Paul & Janita's Home Page



 27 October 

Plov-drive today. Europeans call McDonalds Drive-Through the "McDrive". Today, and not for the first time in our Eastern European Odyssey, we did a Drive Through - this time of  Plovdiv. The camping ground  we were searching for was nowhere to be found - it must have escaped into the same black hole as the one in Veliko Tarnovo (another Bulgarian city where we searched unsuccessfully for a campground) - so we decided to make a run for it before the Traffic Police caught up with us. The odds were against us as every trap set by these vigilant officers had netted several prey. But wait! We have Bulgarian leva left. Off to the Metro - not the Underground railway as you might imagine, but one of a series of Megastores that have sprung up on the outskirts of almost every major city in Hungary, Romania and Bulgaria.

 These shops stock everything from hairpins to clothes driers - a lot of it in bulk - you don't just buy 6 potatoes but 25 kilos! They are ginormous (perhaps they created that black hole that ate our lost camping grounds), deal only in cash - but kindly provide ATMs - and - at least for us tourists - force customers to spend at least 50 leva ($40 AUS).

Having spent our leva and filled the larder, we escaped Bulgaria, AND without serious police harrassment. From what we understand this is somewhat of an accomplishment. But enough Bulgaria bashing. It is a part of our trip that really requires time to reflect on what was perceived threat and what was real. (Bookmark this spot for a later reflection!)

 Turkey so far is a hoot! The border crossing was probably the most drawn out so far but more of a pleasant sequence of misunderstandings than anything else (or are we becoming tolerant to inefficiency?)  

Exiting Bulgaria was again part of the universal –‘ Australian? Off you go’ -  bit. Whole bus loads of people have their socks unwoven but we seem to be blessed with the 'harmless twits' image? A quick glance in the 'biosphere' toilet is always enough to send the most ardent customs officer packing.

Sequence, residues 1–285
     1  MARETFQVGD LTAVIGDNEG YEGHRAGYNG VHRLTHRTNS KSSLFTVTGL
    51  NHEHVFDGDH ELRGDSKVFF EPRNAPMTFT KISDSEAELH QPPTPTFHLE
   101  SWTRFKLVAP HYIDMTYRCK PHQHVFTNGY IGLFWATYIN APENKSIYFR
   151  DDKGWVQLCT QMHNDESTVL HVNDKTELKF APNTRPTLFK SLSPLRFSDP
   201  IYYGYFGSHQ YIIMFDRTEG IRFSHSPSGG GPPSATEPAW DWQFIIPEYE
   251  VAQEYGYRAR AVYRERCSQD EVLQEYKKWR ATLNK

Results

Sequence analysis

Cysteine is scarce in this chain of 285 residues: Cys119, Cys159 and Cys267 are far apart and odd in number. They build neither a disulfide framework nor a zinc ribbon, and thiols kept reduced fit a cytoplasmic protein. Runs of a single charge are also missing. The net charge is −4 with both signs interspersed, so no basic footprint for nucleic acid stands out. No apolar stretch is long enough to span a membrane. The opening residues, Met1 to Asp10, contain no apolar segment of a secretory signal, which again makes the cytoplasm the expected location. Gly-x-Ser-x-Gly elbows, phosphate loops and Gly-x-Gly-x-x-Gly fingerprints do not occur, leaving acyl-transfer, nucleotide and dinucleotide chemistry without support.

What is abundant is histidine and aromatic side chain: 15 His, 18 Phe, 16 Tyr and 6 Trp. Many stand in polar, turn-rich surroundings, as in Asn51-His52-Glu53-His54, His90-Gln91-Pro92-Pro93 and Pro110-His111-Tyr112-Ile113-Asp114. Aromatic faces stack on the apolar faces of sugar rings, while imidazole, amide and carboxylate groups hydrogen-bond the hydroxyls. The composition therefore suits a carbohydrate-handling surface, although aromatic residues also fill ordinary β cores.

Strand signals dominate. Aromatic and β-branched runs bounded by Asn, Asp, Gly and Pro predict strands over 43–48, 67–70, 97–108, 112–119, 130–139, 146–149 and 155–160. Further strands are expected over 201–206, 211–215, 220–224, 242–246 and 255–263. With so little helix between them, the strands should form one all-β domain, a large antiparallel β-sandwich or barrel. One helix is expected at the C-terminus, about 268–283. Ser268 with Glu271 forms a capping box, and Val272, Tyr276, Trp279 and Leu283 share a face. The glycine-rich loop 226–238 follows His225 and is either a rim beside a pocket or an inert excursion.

At the first Turkish check point our passports were given a cursory glance .. Australian? smile.. wave on. At the second  a young police officer pointed us to the Cashier Booth 50 metres away for visas. This was not unexpected and we happily traipsed off to pay our US$20 each. Back to the obliging officer who stamped away with gusto and pointed to what we thought was the way out. Wrong again. Three hundred metres on we met the vehicle check. "Passports.. Auto Papers?".  Auto visa?? This was a new one. Back to the Cashier (the same one). Another US$4 and we had an auto visa.

 Not at all fazed we returned to the vehicle check, were ushered around several pushy Arabs of some sort and had our visa stamped for another US$2. An obliging customs officer (the same one who had helped before) waved us through - off at last!... But no. One more booth. Guess what! The customs officer had been so obliging he had neglected to stamp our passports with customs clearance. Back again. Somewhat embarrassed, the offending officer recognised his error immediately and called the official 'stamper' away from his dealings with some lesser beings and arranged the appropriate stamping . The only down side to this point was that the customs 'stamper' had the hide to suggest that we must be retired to be able to travel so far. A sense of humour - we think we like these people already! 

Our exit was announced to the officer in charge of exit boom gates - ..something ... something .. Australians.. gate opened and off. 

Excellent highway and signs directly to the very plush camping/motel complex that we call home for tonight. Good dinner watching the football with the locals.

 28 October

 What is it in people that makes them bearable? Or even likeable? Surely some of it has to do with one's own attitude at the time. But trust us, when you have no idea what day it is, you are fairly tolerant. Our tolerance has quickly turned to frustration when dealing with those north of the Turkish border and south of the Hungarian frontier.

However, as yesterday's border crossing proved, otherwise annoying dealings with people can be easy-going and pleasant. Having learnt not to judge a national character too early we still hold (possibly unreasonable) reservations about the Turks. But the book is well and truly open after one day. 

Istanbul is one of the top four on the world's largest cities list. More than fifteen million people live here. That's more than the population of New York and Sydney jammed into the geographical area of Greater Brisbane. Most of them own very nice new little European or Japanese cars. Those who don't drive little yellow buses, taksis (sic) or trucks.

 The chosen day for our arrival in this great metropolis just had to be Republic Day. The day we all go to town or drive our cars, buses, taxis and trucks about, waving the Red Crescent.

 Now it is difficult for well-travelled people like us to admit it but we really have never seen anything like this! Six to ten lane (each way!) highways criss-cross the huge beast that is Istanbul. The lane markings are still visible and there are definitely no more than three lanes! This means that for every two lane markings, drivers make 3 - 5 lanes of viable traffic - and it is viable. People honk (politely) to let you know they are coming in on your right/left [whatever they choose] and the multiple lane system works - as long as you do what you indicate you are about to do. Hesitate and you are lost ( and castigated for your transgression with a quite different tone of honk.)